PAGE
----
Dream big

Strategic PlanningThe process began with large meetings. In separate sessions, more than 100 faculty members and then staff members filled Hindle Auditorium to talk about Wheaton’s strengths and its future. It was fun, energizing. By the end of each session, flip-chart pages papered the walls, filled with observations, aspirations and exhortations for how to build upon the college’s great foundation.

This describes the beginning of our strategic planning process, launched in January. It’s inspirational, participatory and creative. The goal has been to get as many people as possible involved in thinking about what the future could hold and should hold for Wheaton. Already, more than 300 people have contributed their ideas to the discussion. There’s room and time for more, if you haven’t joined in yet.

The idea behind the discussions taking place on campus, online and in cities across the country is to identify what distinguishes the Wheaton experience and what we do really well. With these strengths as the foundation, the process has encouraged people to dream big: What are our aspirations for the college? What do we want Wheaton to be in five years? What do we want Wheaton to be known for? What are the programs and practices that will make us even more distinctive than the rest of the nation’s liberal arts colleges?

The broad involvement from every corner of the college community is encouraging. Everyone involved has been energized by the breadth of ideas. The passion that people feel for the college comes through in no uncertain terms, and this passion has spurred new and innovative ideas that will shape the college in exciting ways.

Certain themes and observations arise in almost every conversation, no matter the group of people. One consistent theme is the pride in our Connections curriculum, which is unique and worthy of building upon. With that pride has come both the recognition that we must continue to be a leader in curriculum innovation and a renewed commitment to providing one of the best broad-based but connected academic experiences in the world.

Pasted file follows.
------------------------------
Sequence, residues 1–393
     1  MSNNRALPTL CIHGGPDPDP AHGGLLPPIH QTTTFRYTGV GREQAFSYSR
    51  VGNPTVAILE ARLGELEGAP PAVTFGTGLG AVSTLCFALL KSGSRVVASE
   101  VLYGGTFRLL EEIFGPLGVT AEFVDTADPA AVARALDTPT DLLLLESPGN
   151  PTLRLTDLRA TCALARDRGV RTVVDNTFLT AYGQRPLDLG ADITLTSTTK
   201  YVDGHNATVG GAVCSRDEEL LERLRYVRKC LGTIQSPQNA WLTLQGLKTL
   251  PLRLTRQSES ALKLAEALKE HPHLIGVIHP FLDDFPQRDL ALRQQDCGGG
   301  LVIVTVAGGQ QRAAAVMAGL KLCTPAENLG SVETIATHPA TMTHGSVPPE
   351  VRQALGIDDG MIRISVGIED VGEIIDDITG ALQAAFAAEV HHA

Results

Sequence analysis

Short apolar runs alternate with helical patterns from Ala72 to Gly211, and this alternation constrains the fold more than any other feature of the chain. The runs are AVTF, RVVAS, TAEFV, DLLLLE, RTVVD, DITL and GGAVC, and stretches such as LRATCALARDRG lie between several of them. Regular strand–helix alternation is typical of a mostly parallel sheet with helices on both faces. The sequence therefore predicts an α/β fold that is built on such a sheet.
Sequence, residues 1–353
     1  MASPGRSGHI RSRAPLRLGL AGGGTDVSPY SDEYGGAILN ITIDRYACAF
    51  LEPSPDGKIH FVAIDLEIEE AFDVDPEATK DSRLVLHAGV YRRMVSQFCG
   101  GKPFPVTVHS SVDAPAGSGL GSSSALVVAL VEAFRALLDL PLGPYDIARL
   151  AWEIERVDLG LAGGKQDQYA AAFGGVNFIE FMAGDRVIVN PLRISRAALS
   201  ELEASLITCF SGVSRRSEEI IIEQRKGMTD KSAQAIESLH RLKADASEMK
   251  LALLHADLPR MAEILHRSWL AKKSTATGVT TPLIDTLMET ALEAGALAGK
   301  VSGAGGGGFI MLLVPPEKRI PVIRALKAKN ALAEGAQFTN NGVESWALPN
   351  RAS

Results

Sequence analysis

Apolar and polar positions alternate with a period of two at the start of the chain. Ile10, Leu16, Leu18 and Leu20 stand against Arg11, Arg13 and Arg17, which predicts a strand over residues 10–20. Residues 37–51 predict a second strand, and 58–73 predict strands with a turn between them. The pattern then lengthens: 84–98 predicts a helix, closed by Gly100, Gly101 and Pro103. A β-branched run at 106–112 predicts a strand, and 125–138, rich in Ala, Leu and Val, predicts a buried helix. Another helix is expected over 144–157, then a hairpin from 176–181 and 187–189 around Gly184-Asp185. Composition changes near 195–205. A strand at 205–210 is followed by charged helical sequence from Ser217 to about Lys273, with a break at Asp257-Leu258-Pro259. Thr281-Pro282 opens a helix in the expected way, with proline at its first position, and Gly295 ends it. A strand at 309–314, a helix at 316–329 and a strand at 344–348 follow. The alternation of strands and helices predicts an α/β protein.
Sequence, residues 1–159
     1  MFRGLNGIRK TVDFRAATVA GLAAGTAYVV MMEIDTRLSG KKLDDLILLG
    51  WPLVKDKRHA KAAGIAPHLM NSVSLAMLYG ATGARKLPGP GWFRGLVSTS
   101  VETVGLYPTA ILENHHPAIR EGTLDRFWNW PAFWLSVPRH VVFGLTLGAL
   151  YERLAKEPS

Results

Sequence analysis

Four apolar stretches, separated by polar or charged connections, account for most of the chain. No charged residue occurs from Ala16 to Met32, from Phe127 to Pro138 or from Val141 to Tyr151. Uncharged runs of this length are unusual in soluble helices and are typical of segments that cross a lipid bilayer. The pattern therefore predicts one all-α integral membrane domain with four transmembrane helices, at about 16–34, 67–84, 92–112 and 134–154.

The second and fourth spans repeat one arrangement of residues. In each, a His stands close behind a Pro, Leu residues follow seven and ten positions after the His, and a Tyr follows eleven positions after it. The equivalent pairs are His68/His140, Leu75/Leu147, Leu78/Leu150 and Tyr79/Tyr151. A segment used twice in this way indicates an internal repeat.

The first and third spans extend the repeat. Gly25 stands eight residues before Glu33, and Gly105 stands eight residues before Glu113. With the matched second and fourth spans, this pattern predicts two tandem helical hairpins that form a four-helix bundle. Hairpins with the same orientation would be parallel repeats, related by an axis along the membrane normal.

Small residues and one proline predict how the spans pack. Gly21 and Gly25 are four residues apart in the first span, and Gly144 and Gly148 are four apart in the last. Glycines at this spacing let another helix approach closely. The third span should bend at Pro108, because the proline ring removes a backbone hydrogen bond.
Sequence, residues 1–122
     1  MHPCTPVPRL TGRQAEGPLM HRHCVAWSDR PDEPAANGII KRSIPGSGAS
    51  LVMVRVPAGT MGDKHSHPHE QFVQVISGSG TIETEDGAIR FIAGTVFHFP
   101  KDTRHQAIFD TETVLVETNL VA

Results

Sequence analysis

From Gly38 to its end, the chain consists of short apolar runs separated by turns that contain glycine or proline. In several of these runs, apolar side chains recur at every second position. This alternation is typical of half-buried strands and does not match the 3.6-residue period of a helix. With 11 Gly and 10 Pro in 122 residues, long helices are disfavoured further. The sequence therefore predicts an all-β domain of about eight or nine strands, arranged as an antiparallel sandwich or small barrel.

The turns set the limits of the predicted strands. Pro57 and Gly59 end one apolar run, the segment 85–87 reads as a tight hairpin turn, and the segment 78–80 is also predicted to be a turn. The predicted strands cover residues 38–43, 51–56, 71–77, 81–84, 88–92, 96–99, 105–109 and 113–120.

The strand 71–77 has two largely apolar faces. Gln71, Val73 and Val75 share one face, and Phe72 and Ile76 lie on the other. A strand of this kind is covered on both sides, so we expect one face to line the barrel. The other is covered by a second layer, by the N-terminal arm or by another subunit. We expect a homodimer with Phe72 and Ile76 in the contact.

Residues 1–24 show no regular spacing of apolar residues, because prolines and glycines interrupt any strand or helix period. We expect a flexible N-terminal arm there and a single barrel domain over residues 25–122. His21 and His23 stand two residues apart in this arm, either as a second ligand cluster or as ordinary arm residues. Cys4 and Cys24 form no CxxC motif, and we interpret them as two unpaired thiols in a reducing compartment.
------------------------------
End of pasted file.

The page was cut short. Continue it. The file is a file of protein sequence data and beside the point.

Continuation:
A second idea that arises consistently involves further development of the research and internship experiences that have been a hallmark of a Wheaton education for decades. We already have a vast array of opportunities for our students to work with professors on research, and we provide significant support for students who want to engage in internships. We already provide funding for about two-thirds of Wheaton students to pursue an unpaid internship, service project or research with our faculty. The strategic planning conversations have allowed us to dream about what it would mean if the college could offer that opportunity to every student. Not only would it distinguish Wheaton as a leader in this area, it would also truly set our students apart as they pursue their aspirations after Wheaton.

We know that Wheaton’s emphasis on learning in the classroom and beyond already gives our students an edge, and expanding the opportunities for funded research and internships would help us to have an even greater impact. Six months after Commencement we surveyed the Class of 2014 and found that 98 percent of the class had found success in reaching their immediate postgraduate goals. What I think is most impressive is that success for these recent graduates manifested itself in a variety of ways—in landing jobs (63 percent), enrolling in graduate school (22 percent), or participating in national service, internships (9 percent) or fellowships (4 percent). Results like this compare favorably with any institution, and we can create even more opportunity for our graduates with the ideas arising out of the strategic planning process.

Experiential and interdisciplinary learning are great examples of things that Wheaton is known for and does well already. Focusing on them provides us with an opportunity to further distinguish the college by pushing ourselves to be more innovative and to do more. The planning process has also identified our tightknit and cohesive community as a core strength. Now it’s time to think about how we can leverage these, and other distinguishing characteristics, to shape the future of this special place.

We need your voice and your involvement to help build this future. Between now and the start of summer, the Strategic Planning Task Force—comprising alumnae/i, students, faculty and staff—will be seeking your input in various ways. Please join us and share your ideas to help make Wheaton stronger and better.